The fresh Palme d’Or winner Parasite is a sharp critique of socio-economic inequality. It combines comedy with thrill in a brilliant way, which makes it an absolute must-see.
Last Wednesday a friend of mine asked if I wanted to join him for the new Bong Joon-Ho movie: Parasite. I heard of the Korean director before but hadn’t watched any movies of his. Because of this I entered the movie theater without any expectations.
The movie is about two families. The struggling Kims and on the other hand the wealthy Parks. The youngest of the Kims, Ki-woo manages, with the help of a fake cv, to get a job as an English tutor for the daughter of the Parks. By using some dirty tricks he also manages to get all the other members of his family working for the Parks. His dad Ki-taek as a driver, his mother Chung-sook as a housecleaner and his sister Ki-jeong as an art tutor. The Parks do not know that their new employees are family. After a while things start to look better for the Kims. They finally have a decent income and when the Parks are camping they can even use their house for themselves. But all of a sudden, everything takes a dark turn.
Partly because I did not have any expectations, this movie completely blew me away. In the beginning you think you are watching a good comedy. But when things start to take a different turn, you are watching a proper thriller.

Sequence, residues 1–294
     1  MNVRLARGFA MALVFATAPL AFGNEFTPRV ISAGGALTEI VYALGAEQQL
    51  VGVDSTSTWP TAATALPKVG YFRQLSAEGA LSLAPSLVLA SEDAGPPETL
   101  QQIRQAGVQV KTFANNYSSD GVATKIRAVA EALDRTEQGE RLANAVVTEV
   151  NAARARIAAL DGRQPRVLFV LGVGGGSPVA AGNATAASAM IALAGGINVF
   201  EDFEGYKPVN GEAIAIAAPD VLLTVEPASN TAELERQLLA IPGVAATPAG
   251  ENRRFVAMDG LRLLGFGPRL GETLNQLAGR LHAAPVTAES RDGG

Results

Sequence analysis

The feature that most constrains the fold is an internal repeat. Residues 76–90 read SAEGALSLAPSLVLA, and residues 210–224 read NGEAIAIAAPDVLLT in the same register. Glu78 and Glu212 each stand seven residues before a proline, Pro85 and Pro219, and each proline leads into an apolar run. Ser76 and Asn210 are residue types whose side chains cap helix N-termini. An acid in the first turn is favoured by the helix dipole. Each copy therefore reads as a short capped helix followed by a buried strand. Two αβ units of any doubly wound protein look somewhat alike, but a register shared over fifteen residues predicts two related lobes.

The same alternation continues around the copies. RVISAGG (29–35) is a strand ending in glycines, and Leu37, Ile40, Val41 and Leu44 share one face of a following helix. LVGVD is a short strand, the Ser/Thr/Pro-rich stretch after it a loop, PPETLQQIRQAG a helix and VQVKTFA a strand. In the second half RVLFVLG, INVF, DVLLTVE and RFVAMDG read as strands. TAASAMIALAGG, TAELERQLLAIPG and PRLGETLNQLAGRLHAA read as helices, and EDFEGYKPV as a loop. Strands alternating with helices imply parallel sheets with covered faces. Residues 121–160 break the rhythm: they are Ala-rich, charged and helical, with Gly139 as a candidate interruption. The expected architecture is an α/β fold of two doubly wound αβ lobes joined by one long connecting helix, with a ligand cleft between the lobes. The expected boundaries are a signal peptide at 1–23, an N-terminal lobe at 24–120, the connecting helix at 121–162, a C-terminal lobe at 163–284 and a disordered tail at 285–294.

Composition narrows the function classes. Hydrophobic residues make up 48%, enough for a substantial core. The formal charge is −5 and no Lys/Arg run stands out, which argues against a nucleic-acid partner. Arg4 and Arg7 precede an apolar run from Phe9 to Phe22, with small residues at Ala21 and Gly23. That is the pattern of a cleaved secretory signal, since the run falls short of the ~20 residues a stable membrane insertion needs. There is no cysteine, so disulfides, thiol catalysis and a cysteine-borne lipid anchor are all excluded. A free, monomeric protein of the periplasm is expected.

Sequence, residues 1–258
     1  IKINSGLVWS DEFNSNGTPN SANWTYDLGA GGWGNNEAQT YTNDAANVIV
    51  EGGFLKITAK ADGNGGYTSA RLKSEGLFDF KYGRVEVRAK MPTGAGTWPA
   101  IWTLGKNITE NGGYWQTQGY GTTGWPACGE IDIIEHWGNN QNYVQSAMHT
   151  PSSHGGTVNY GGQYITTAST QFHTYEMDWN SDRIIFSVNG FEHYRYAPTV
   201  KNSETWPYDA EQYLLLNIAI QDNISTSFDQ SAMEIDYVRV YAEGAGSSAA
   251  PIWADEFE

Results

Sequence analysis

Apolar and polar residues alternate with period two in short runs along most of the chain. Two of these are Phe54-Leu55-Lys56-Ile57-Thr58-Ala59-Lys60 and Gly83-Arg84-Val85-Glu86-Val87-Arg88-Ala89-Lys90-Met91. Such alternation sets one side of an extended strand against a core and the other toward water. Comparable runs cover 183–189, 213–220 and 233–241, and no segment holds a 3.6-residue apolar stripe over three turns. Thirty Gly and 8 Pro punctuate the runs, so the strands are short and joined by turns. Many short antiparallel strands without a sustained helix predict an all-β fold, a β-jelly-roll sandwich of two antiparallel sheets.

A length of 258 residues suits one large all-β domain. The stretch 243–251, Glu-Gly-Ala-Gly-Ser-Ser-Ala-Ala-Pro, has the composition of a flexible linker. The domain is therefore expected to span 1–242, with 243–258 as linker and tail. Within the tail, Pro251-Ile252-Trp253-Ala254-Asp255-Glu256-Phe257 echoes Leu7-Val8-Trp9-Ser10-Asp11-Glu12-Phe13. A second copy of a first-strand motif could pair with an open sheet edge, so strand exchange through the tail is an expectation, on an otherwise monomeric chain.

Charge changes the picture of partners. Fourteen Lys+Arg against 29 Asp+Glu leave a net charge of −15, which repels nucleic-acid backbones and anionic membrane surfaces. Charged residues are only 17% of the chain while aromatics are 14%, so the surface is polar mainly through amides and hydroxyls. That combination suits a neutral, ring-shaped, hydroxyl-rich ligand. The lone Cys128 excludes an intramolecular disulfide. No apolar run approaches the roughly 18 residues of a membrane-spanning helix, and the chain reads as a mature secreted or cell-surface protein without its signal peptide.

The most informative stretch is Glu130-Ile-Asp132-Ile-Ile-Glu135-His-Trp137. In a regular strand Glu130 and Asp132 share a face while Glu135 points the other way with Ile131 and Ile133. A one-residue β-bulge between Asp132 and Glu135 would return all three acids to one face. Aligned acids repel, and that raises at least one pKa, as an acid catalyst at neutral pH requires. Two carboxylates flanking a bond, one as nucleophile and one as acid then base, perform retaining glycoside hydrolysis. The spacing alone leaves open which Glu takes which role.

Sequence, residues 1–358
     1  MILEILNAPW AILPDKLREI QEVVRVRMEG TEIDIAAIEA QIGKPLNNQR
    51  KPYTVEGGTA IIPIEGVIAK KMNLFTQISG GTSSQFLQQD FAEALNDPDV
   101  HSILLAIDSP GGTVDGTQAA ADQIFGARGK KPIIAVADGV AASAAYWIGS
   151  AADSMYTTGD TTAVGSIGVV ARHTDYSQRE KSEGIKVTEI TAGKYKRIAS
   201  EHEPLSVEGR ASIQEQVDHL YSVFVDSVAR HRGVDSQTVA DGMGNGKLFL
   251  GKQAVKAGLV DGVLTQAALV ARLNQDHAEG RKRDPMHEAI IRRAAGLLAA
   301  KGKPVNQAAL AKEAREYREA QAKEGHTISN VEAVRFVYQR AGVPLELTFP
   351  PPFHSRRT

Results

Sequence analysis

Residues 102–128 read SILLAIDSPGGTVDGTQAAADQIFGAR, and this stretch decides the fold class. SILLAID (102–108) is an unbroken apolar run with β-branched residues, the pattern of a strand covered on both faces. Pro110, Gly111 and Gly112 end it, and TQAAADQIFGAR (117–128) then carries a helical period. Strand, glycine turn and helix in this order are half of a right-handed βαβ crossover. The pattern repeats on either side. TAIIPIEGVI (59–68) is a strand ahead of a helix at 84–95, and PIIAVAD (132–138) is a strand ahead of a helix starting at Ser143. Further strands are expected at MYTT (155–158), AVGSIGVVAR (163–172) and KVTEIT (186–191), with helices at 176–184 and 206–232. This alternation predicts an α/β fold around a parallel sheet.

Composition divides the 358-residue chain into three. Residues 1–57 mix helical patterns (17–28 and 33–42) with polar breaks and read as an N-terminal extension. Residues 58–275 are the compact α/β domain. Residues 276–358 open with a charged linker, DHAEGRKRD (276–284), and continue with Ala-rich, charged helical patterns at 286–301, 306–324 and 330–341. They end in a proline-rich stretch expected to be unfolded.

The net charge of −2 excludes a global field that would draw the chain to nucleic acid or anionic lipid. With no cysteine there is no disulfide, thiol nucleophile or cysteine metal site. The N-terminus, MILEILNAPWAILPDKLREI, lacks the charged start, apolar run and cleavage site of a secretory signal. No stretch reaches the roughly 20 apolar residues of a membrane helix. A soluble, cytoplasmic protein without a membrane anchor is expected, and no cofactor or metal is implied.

When watching this movie, you do not know to whom the title references. Who is profiting at the cost of the other? It is clear that what the Kims are doing is wrong. But do they really have a choice? Their lives before the Parks was hopeless. They were living in a small home without proper internet connection. There is clearly no money to send the kids to university and getting a decent job was not possible either. Compare this to the Parks who are living in a bubble of privilege. A nice illustration of this contrast is noticeable when Ki-taek is helping mother Park with groceries for a chique party. Without thinking mother Park throws expensive after expensive product in the cart. Ki-taek clearly does not like this. Of the Kims, he is the most aware of why the Parks are so guileless against them. They simply do not care about them. It also does not help that he overheard the Parks gossiping about him. According to father Park, Ki-taek should know his boundaries more. He is not more than a smelly worker.
The dichotomy between the Kims and Park is also being made clear in the cinematography. Their homes are being framed as literal opposites. The Kims live in a house located in a nasty neighborhood with high crime rates. Its dirty and during rain showers it gets flooded. The house of the Parks is on top of a hill, spacious, and has art on the walls. During the rain, their house is safe. The contrast shows the Kims how it could have been.
But still, Parasite is not a stereotype have and have-not movie in which the rich actually aren’t as happy with their lives, as the poor. The Parks are enjoying a comfortable existence. So comfortable that they don’t realize there are people who are struggling. This ignorance is costly for them at the end of the movie. And that is Bong Joon-ho’s real critique. He wants to make clear that too much inequality works as a catalyst for ill-will. And that could have some nasty consequences.